Day 6

7.40 pm
It’s the first day that life’s been getting better. It looks like the transition is drawing to its close. I’ve been running in a more confident manner, a little faster and, most importantly, with no problems. Almost painless. I am still having problems with night sleep. From previous race experience I know that it takes from two to three weeks to get a sound restful sleep. Nevertheless, I was full of energy this morning. The energy comes into motion. I mean it. Energy does come into motion.
Others are OK too. No major injuries and failures. Surasa is still fighting her shin splints. It’s like treating a runny nose: when you treat it, it takes 7 days to get better; when you don’t, it takes a week. Volodya’s got swollen feet, and he’s wearing special knee-length socks to tighten up his gastrocnemius muscles. The body has all kinds of reactions to the transition. His legs look like those of a body-builder. He is being stable, though. Dharbasana is being enthusiastic. We noticed that he was running in regular marathon shoes. One does need a better strategy for the concrete. He won’t listen to our advice. I guess he has to figure it out by himself soon.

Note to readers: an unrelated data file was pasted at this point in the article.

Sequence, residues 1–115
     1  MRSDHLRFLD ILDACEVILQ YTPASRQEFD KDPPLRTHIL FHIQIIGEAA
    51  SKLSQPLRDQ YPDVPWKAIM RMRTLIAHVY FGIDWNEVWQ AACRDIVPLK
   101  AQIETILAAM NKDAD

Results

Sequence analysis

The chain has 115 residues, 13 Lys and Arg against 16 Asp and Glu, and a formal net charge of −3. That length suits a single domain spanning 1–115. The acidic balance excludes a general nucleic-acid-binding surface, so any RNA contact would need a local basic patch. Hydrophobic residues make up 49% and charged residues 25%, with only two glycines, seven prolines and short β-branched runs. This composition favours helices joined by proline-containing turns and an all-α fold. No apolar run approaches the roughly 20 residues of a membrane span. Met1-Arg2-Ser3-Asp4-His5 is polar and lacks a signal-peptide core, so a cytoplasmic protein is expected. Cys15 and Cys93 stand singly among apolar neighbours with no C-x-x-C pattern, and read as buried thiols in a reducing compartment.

Our race was on the verge of being closed down. We were attacked by terrorists. The brave American police defended the longest race in the world just brilliantly. The thing is we really saw a suitcase under the tree. As it turned out later it was a throw-away. But it was spotted on the territory of the college, so the security had to call the police. Very soon two police cars with sirens arrived and barred the crime scene off. We had to maneuver for a few laps. The suitcase was evacuated. We don’t know anything about what happened next. But now we are feeling absolutely safe. Stay tuned.

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